• using window treatments like insulated curtains.
  • making sure your windows are closed when the HVAC is running.

When it’s clear that your building needs new windows, note that:

  • ENERGY STAR qualified double- or triple-paned glass windows contain an insulating gas than can save your business 7-15% on energy bills.
  • Windows with tints, heat reflective coatings, or laminates will reduce heat gain.

Windows with low-e coatings help keep the heat in in the winter and reflect back the sun in the summer.


Lighting - Interior

Lighting is one of the most significant energy expenses a commercial facility has. It’s also an area where the latest generation of technology is vastly more energy efficient than its predecessors.

Today, one LED lamp can last up to 25 years—20 times longer than a comparable incandescent—all the while using a fraction of the energy.  And, in just the last few years, the price of LEDs has plummeted, making them an affordable option for everyday consumers.

What else is great about LEDs:

  • They often give better illumination than other light sources and come in a variety of color temperatures
  • No “buzzing” sound like CFLs
  • They light up immediately after being turned on
  • They don’t emit heat, which makes a big difference in the summer
  • They don’t contain mercury
  • They don’t give off UV rays, which cause eye strain

The longevity and affordability of LEDs mean lighting upgrades have one of the fastest rates of return, relative to other efficiency projects.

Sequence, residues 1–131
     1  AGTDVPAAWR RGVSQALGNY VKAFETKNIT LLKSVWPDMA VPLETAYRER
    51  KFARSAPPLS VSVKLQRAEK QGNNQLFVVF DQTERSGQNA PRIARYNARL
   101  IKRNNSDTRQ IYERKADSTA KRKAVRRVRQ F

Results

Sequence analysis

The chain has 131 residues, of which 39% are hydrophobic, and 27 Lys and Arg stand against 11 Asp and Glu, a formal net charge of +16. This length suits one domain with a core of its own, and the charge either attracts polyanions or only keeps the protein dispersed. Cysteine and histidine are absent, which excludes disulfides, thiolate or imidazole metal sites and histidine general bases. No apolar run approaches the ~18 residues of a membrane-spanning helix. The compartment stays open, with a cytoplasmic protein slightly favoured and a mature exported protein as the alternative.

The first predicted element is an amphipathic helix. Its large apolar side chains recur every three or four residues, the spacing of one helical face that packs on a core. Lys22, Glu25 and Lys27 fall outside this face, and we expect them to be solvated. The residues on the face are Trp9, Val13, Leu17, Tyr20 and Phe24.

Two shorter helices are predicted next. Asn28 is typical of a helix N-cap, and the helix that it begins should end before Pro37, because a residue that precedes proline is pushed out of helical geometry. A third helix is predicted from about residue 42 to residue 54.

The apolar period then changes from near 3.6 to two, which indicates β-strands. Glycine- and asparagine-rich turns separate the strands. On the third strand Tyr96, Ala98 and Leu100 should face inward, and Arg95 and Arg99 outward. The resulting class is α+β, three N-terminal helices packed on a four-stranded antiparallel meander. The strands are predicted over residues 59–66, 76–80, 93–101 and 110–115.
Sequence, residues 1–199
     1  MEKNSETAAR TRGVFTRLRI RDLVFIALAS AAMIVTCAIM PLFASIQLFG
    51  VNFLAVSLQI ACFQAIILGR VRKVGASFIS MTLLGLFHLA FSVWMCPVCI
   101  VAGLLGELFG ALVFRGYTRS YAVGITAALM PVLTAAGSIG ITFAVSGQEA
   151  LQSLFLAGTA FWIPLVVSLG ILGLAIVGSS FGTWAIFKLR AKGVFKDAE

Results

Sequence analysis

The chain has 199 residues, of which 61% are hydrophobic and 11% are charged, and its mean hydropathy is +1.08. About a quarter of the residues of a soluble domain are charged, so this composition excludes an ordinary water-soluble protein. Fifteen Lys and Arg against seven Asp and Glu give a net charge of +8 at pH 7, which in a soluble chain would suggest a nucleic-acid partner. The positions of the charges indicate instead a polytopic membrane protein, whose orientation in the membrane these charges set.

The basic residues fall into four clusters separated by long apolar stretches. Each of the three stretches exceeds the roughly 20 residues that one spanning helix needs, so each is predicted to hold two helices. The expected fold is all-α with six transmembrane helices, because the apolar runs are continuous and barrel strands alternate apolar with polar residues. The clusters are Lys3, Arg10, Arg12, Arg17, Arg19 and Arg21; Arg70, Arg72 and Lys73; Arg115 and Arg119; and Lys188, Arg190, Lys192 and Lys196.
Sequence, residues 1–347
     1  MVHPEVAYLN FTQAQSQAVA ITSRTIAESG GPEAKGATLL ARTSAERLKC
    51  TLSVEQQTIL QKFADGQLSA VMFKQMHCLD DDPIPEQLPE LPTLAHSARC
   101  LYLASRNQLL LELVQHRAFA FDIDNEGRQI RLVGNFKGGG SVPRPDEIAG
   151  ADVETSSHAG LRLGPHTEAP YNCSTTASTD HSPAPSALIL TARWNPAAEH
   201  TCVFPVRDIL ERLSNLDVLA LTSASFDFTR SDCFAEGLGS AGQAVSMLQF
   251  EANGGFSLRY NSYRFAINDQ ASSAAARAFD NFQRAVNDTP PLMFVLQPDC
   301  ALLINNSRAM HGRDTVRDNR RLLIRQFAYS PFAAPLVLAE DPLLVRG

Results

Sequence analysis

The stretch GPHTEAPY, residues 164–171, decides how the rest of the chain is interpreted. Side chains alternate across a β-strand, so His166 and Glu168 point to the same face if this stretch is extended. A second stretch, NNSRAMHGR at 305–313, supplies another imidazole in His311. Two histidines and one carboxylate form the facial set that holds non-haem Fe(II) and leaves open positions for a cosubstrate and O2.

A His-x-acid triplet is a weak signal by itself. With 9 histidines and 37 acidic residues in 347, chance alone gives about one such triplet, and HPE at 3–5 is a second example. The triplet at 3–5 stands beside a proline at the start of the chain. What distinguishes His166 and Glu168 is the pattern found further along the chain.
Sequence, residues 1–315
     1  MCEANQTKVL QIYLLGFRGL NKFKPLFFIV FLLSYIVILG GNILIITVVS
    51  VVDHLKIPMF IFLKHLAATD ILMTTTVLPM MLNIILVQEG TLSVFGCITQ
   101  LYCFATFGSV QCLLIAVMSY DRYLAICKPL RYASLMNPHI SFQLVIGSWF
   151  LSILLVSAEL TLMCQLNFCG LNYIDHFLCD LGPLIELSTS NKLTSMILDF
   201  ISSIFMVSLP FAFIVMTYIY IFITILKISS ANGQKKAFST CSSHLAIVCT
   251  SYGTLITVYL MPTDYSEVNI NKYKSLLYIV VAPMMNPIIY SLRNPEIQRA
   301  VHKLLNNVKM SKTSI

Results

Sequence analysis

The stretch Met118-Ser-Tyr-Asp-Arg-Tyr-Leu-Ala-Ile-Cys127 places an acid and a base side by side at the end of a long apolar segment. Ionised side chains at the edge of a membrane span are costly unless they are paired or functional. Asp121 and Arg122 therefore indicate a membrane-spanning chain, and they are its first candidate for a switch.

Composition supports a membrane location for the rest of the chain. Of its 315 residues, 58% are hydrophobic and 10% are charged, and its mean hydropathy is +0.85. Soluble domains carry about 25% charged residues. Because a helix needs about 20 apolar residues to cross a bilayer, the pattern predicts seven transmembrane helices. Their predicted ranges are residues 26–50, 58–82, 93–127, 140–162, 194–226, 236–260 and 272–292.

Common upgrades include:

  • Swapping a 60W incandescent with a 10W LED – 83% reduction
  • Swapping a 32W 4-ft. fluorescent T8 with a 22W LED – 30% reduction

In addition to the lamps and fixtures themselves, your business can also employ lighting controls and/or motion sensors, to make sure you’re illuminating spaces only when needed.

LED Exit Signs

 Exit signs are probably not a major part of your business’ energy consumption.  Even so, because they operate at all times, upgrading to your exit signage with LEDs yields savings with a fast payback.  It’s also important for safety reasons to ensure that your exit signs are in good shape.

LED-illuminated exit signs use 90% less energy than incandescents.  Upgrading to LEDs typically pays for itself in less than a year, and saves more than $500 over the anticipated 10-year life of the equipment.

Swapping out incandescents with LEDs can often be done without having to change the fixture.  While they won’t work in every case, a variety of LED exit sign retrofit kits exist, including LED bulbs and bracket systems.

Other benefits of LED exit signs:

  • The bulbs need changing much less frequently. This increases property safety and reduces maintenance costs.
  • LED exit signs generally have better contrast and uniform illumination, making them more effective than their conventional counterparts.
  • Because they require less power, battery backup may last longer in case of an electricity outage.